Chris Knipp Writing: Movies, Politics, Art

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PostPosted: Tue Jun 01, 2021 6:37 pm 
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A rather one-note satire of Italy's persistent loyalty to the mafia

The latest from political satirist Franco Maresco (Belluscone: A Sicilian Story, 2014) takes as its point of departure the 25th anniversary of the assassination of anti-Mafia judges Giovanni Falcone and Paolo Borsellino during the Capaci and Via D’Amelio bombings. The filmmaker covers the streets of Palermo to poll residents on the two martyred magistrates, finding no sympathy for what they did or willingness to condemn Cosa Nostra.

Maresco's investigation quickly morphs into a satirical examination of Sicilian omertà - silent loyalty, popular complacency and stonewalling re the Cosa Nostra’s enduring power over the national psyche. Maresco may ridicule many of his on-screen subjects, yet The Mafia Is No Longer… is less of a prank than a persistant complaint.

Indeed while the film may be arch and satirical, it is so in a monotonous and repetitious manner. It's a joke that wears out very quickly and stays hovering there in our faces not finding much new to add. Maresco is showing the stupidity of his interviewees, but in doing so risks making his own film feel dim-witted.

There are some exceptions. One is the vigorous presence of 83-year-old photographer, Letitzia Battaglia, a spirited person with the wildly red-dyed hair to match. It is interesting to glimpse her fascinating career. While discussing with her about the shallow institutionalization of anti-mafia stances in Italian politics, Maresco again encounters Ciccio Mira, the shady Mafia-apologist concert organizer who was the focusof his 2014 satirical documentary Belluscone. Now apparently an altered man, Mira seems to be trying to redeem himself with a "Neomelodic" concert in Palermo in tribute of Falcone and Borsellino. However, his words still betray some nostalgia for the "good old Mafia that used to be. . ." Another hint that mafia loyalty never truly dies.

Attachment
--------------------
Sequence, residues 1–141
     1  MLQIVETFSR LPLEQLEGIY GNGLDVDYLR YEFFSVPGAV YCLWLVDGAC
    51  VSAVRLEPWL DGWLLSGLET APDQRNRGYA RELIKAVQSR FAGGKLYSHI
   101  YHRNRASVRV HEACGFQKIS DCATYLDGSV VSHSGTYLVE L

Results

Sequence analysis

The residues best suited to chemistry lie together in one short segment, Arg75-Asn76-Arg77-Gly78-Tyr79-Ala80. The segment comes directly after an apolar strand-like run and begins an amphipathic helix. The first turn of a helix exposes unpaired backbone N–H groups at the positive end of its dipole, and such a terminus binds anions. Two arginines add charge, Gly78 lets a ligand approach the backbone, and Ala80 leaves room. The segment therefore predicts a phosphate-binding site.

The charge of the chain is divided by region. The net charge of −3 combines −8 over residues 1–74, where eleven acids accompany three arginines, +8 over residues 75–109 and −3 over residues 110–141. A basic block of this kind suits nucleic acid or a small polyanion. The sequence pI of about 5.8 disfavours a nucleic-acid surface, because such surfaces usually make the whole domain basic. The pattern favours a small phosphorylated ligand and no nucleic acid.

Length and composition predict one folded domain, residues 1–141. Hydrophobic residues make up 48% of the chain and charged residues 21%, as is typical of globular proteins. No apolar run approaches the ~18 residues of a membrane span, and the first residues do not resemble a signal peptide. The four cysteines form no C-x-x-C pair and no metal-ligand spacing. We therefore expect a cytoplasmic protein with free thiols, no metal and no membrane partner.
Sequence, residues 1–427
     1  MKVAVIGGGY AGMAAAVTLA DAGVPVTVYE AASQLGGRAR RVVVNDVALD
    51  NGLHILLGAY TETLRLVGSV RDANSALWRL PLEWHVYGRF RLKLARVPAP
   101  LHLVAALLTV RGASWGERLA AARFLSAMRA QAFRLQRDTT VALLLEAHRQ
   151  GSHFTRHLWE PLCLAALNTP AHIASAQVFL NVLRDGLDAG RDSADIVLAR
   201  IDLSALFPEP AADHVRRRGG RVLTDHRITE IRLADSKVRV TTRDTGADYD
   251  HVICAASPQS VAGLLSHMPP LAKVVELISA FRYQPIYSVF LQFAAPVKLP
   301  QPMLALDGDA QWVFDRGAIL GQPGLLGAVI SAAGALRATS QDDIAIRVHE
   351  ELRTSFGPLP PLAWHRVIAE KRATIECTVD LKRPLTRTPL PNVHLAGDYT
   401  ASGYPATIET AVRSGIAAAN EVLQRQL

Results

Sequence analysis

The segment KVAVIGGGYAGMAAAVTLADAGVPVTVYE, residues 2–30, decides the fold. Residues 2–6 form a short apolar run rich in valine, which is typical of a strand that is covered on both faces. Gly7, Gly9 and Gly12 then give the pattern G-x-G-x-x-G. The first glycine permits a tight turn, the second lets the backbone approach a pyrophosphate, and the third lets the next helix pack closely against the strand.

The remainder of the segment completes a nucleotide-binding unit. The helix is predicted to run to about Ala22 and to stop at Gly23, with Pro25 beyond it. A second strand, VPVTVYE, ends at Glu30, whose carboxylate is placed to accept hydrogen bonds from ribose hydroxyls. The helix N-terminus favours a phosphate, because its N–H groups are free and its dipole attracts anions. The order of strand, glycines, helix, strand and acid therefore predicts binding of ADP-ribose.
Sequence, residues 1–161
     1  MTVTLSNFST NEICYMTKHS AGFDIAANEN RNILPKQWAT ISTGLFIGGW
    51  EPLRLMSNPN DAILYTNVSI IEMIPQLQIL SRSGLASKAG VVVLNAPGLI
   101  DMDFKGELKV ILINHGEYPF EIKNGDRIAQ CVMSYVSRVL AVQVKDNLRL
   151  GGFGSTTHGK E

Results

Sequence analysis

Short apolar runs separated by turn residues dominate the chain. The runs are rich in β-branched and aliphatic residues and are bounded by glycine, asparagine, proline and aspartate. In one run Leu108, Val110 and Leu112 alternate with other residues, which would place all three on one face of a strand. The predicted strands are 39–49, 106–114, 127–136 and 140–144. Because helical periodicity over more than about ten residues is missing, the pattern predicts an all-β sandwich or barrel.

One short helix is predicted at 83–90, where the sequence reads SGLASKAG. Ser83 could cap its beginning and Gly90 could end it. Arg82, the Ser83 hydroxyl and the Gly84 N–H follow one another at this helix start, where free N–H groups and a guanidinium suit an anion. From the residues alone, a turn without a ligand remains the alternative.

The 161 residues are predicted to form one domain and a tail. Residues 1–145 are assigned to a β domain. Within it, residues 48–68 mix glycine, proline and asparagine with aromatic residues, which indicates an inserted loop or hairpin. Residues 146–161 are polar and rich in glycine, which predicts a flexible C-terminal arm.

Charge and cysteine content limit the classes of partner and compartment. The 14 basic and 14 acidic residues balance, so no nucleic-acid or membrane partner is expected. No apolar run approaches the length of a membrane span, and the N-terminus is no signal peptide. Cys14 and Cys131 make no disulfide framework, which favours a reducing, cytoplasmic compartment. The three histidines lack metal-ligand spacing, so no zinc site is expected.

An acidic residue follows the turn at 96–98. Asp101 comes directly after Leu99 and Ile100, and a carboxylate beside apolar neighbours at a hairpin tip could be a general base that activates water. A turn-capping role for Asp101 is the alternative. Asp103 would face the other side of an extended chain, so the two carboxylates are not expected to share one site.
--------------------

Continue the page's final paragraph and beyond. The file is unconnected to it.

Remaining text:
These points of interest are not enough to sustain an hour and forty-nine minutes of screen time. As veteran European film critic Boyd Van Hoeij puts it in his Hollywood Reporter review of this film, "like a lot of sequels, it’s repetitive and hollow as it tries to recapture what worked in the original while being forced to tell a new story so it doesn’t completely play like reheated leftovers."

Awarding the Festival's Jury Prize toThe Mafia Is No Longer What It Used to Be at Venice 2019 seems like an insider gesture that signals my inability to understand fully the resonances for locals of the issues treated here and the nuances of Maresco's satirical style. That is even signaled by the subtle ambiguity of the film title, La mafia non è più quella di una volta, with its strange vague nostalgia, a phrase that points to the Italian's persistent tergiversation around this subject, but feels enigmatic.

The Mafia Is No Longer What It Used to Be/La Mafia non è più quella di una volta , 109 mins., debuted at Venice Sept. 2019, winning the jury prize there. It showed also at Amsterdam and the From Rome to Paris Festival. Screened online for this review as part of the FLC Open Roads: New Italian Cinema series (May 28-Jun. 6, 2021).

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